Globally, the number of new cases has increased for seven consecutive weeks after much of the developed world reached down to almost negligible levels in late summer. As you can imagine, many theories are being proposed as to the reasoning for this increase, and the reality is that there are many components with most leading back to some degree of “pandemic fatigue”.
As case numbers dropped in much of the world, many people began to question the need for any type of mitigation. This has been especially true among younger people. A big issue has been that within their own circle of friends, these young people are not seeing people sick with the disease. Yes, most people know someone who has had it, but most of these young adults do very well, so their friends don’t see the importance of disrupting their lives for something that doesn’t appear that severe.
That logic is not completely unreasonable, and, in fact, there have been advocates of letting 20 somethings, and maybe even 30 somethings just go about their business, recognizing that many will become infected and get us closer to herd immunity.
The problem, however, is that we are increasingly seeing spillover to the older populations. While the greatest rate of increase has been in younger people, we are seeing proportional increases in case numbers in older adults, also, through a combination of family or caregiver interactions as well as these older adults’ own degree of pandemic fatigue.
COVID-19 Fall Wave
A few weeks ago, it was not a foregone conclusion that there would have been a fall wave IF people did not let down their guard and maintained their vigilance in mitigation techniques. Unfortunately, when we look at what has happened on college campuses and when we look at steadily increasing travel rates, people are not maintaining vigilance.
Also concerning is that hospitalizations and death are also increasing, but nowhere near the rates, we saw in the initial spring waves. An important thing to keep in mind with hospitalization rates, especially, is that some of the successful treatments are so far only available to hospitalized patients. This is driving many early, but short hospitalizations, especially in the US and Europe as less sick patients are admitted, receive 2 to 3 days of treatments that are only available in the hospital, and then, they are discharged to recover at home. This is driving up hospitalization rates, but keeping down hospital days, intensive care admissions, and death rates.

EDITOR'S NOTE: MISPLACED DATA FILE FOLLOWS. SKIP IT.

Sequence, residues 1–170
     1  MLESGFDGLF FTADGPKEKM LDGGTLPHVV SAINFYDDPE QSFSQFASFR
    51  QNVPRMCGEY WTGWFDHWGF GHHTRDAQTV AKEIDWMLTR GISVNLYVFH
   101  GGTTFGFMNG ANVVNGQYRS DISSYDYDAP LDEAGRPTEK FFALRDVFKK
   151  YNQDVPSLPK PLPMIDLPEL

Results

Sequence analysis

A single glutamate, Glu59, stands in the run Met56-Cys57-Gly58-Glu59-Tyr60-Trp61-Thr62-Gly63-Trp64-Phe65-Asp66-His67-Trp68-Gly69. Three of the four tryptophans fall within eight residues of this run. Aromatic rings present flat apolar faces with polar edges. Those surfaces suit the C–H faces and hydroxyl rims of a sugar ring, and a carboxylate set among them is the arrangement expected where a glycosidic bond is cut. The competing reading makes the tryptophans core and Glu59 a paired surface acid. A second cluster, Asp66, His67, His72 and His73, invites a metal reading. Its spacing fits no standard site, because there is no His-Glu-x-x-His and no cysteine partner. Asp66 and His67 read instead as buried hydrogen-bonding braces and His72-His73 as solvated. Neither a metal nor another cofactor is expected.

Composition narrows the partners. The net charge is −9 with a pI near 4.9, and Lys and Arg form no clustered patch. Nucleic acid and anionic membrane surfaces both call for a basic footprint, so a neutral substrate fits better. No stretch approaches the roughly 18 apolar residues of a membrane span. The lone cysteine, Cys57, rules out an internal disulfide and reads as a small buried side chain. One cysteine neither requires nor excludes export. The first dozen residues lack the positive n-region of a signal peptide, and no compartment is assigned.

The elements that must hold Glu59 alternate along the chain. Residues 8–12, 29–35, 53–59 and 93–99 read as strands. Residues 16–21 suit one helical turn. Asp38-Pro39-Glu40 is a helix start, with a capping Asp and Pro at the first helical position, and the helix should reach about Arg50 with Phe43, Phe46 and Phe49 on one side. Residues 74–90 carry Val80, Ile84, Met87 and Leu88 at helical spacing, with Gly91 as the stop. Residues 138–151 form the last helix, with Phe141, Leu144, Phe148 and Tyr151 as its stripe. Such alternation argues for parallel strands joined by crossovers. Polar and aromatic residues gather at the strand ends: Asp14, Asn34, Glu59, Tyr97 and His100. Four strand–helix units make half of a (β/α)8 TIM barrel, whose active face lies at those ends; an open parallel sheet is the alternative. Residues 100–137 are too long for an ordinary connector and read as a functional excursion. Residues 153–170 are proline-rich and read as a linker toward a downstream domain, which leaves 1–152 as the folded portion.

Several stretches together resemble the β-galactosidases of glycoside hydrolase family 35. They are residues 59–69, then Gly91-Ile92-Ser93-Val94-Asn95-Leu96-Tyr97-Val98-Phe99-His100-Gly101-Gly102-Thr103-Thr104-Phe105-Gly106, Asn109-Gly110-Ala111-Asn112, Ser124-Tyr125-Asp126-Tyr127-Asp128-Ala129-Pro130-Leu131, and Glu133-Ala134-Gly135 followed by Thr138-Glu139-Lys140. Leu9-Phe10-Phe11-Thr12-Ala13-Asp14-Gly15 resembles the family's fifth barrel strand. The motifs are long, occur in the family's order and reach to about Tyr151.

The US Government announced that as long as the FDA approves Eli Lilly’s monoclonal antibody therapy, the government will purchase 300,000 doses in order to ensure free or low-cost availability to all who could benefit. The EUA appears to be progressing but is held up over the issue of the dose that is required. Lilly maintains that a dose of 700mg would be adequate, based primarily on computer modeling, but the FDA says that the most applicable study that shows success used a dose of 2800 mg. This four-fold difference will clearly have a significant impact on cost and availability, but the issue should be worked out quickly.
Regeneron, the developer of the other monoclonal antibody therapy that has a EUA pending, announced results of a new study that showed early outpatient administration of its’ product cut outpatient visits in half generally and by 3/4ths in adults with risk factors for severe disease. This confirms earlier initial findings and will likely generate a new EUA for earlier use of the therapy as well as reinforcing its current EUA application.
Moving to prevention issues, the biggest immediate issue is new lockdowns in Europe, both France and Germany have announced that at the end of this week they will be reinstituting the severe lockdowns and home restrictions for all but essential activities similar to what was done in the spring. The UK has so far said that it will rely on a public campaign to remind people of the importance of masking and other mitigations.